It sounds like it may be the end of the road for McAfee. Well, the name at least.
You may remember that in August 2010 it was announced that Intel was acquiring McAfee for a jaw-dropping $7.68 billion, which has been running since as a wholly-owned subsidiary of the chip manufacturer.
At the CES show in Las Vegas yesterday, Intel CEO Brian Krzanich announced that the firm was phasing out the name "McAfee" in favour of "Intel Security".
In addition, smartphone versions of the product will apparently be free for iOS and Android devices (which might suggest they weren't having very much luck selling them).
It's not the first time that an attempt has been made to kill off the McAfee brand name.
Back in the late 1990s, when McAfee Associates acquired Network General, the firm was rebranded NAI (Network Associates International) - but the rebrand was a failure, and after a few years they reverted to the McAfee name.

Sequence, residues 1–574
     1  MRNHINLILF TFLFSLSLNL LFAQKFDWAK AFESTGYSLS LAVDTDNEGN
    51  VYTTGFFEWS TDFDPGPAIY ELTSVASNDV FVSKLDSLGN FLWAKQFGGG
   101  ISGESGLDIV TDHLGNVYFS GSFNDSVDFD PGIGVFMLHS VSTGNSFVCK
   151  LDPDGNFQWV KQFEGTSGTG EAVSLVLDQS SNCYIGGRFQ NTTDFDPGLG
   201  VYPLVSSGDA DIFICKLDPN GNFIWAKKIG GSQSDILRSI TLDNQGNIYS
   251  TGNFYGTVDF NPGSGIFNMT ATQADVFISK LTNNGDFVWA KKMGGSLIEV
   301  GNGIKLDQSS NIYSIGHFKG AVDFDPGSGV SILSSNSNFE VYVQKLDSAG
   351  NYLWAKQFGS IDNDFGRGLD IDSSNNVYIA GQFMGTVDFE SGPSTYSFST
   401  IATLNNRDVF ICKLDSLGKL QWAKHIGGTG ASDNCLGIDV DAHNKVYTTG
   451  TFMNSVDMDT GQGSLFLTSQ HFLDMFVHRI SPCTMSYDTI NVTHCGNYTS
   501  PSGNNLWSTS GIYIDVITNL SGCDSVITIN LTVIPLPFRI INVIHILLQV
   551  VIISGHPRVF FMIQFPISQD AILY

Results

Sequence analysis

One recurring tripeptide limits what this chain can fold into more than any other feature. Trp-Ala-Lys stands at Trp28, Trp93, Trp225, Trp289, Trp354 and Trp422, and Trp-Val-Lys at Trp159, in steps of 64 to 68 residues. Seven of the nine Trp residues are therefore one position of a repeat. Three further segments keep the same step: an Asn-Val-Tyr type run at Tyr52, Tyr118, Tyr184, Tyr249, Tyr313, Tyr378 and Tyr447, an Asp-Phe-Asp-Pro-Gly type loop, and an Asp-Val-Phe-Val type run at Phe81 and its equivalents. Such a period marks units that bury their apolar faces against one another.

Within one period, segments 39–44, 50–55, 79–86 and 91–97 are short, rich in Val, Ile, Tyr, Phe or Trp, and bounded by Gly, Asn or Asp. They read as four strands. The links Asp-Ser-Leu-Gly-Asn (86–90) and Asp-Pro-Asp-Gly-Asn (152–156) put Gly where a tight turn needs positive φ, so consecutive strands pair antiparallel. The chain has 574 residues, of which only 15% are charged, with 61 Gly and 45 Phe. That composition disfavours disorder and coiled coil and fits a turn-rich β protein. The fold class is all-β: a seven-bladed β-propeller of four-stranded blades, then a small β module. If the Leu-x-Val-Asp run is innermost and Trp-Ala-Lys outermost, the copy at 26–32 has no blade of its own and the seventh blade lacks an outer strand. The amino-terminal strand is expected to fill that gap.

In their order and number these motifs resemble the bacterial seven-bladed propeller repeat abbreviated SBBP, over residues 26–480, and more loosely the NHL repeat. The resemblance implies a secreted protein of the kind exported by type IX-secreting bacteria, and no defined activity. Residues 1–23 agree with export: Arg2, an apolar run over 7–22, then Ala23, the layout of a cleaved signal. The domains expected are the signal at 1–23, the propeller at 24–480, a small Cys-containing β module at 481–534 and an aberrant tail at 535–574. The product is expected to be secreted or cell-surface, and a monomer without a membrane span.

It's a complete and utter mystery why Intel would want to get rid of one of the most famous and familiar names in the world of anti-virus.
Here's a video of anti-virus veteran John McAfee, who founded the company in 1987, and hasn't been involved with the firm for about 20 years.
Like I said, complete mystery.
Update: The BBC spoke to John McAfee, who it appears, is very happy about Intel's decision to stop using his name.
"I am now everlastingly grateful to Intel for freeing me from this terrible association with the worst software on the planet. These are not my words, but the words of millions of irate user... My elation at Intel's decision is beyond words."